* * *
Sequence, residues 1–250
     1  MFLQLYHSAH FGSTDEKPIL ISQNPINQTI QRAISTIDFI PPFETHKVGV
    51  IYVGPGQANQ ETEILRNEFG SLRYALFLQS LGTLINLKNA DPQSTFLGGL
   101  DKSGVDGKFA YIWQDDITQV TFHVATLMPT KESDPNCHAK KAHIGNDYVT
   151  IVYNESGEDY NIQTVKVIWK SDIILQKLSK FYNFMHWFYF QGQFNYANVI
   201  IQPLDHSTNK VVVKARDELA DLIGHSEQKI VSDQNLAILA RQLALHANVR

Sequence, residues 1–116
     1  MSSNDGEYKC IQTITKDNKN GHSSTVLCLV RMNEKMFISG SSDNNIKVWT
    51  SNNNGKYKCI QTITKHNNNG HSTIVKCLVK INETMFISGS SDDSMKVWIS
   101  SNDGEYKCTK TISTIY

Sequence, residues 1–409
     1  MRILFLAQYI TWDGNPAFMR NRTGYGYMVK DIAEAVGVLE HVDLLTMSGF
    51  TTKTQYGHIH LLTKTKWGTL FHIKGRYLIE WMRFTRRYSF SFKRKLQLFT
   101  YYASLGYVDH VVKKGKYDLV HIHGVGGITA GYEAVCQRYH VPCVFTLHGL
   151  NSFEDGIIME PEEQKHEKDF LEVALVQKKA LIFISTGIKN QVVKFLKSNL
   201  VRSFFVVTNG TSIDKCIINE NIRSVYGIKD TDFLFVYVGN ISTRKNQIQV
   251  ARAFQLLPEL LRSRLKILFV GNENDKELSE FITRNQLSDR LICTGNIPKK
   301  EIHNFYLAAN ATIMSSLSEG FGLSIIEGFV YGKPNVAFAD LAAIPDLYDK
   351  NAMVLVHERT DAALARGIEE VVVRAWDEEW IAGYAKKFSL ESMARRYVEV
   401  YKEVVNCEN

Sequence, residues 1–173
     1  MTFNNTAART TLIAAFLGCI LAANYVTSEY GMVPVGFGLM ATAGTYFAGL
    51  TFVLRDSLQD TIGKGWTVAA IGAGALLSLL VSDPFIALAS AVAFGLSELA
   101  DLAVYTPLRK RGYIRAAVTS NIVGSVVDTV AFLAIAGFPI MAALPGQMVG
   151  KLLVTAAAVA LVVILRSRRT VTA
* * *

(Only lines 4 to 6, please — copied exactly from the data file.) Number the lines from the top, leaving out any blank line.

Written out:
   101  DKSGVDGKFA YIWQDDITQV TFHVATLMPT KESDPNCHAK KAHIGNDYVT
   151  IVYNESGEDY NIQTVKVIWK SDIILQKLSK FYNFMHWFYF QGQFNYANVI
   201  IQPLDHSTNK VVVKARDELA DLIGHSEQKI VSDQNLAILA RQLALHANVR